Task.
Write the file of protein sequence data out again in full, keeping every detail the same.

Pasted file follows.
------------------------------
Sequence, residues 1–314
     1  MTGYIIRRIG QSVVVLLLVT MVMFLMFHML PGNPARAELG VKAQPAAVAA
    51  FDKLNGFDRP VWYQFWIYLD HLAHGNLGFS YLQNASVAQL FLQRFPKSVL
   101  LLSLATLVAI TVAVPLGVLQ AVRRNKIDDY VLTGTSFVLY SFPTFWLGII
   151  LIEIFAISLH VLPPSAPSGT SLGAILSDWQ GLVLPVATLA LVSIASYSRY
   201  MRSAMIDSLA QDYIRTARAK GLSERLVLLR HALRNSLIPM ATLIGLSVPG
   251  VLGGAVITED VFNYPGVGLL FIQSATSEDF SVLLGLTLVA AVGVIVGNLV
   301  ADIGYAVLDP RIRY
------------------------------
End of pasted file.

Sequence, residues 1–314
     1  MTGYIIRRIG QSVVVLLLVT MVMFLMFHML PGNPARAELG VKAQPAAVAA
    51  FDKLNGFDRP VWYQFWIYLD HLAHGNLGFS YLQNASVAQL FLQRFPKSVL
   101  LLSLATLVAI TVAVPLGVLQ AVRRNKIDDY VLTGTSFVLY SFPTFWLGII
   151  LIEIFAISLH VLPPSAPSGT SLGAILSDWQ GLVLPVATLA LVSIASYSRY
   201  MRSAMIDSLA QDYIRTARAK GLSERLVLLR HALRNSLIPM ATLIGLSVPG
   251  VLGGAVITED VFNYPGVGLL FIQSATSEDF SVLLGLTLVA AVGVIVGNLV
   301  ADIGYAVLDP RIRY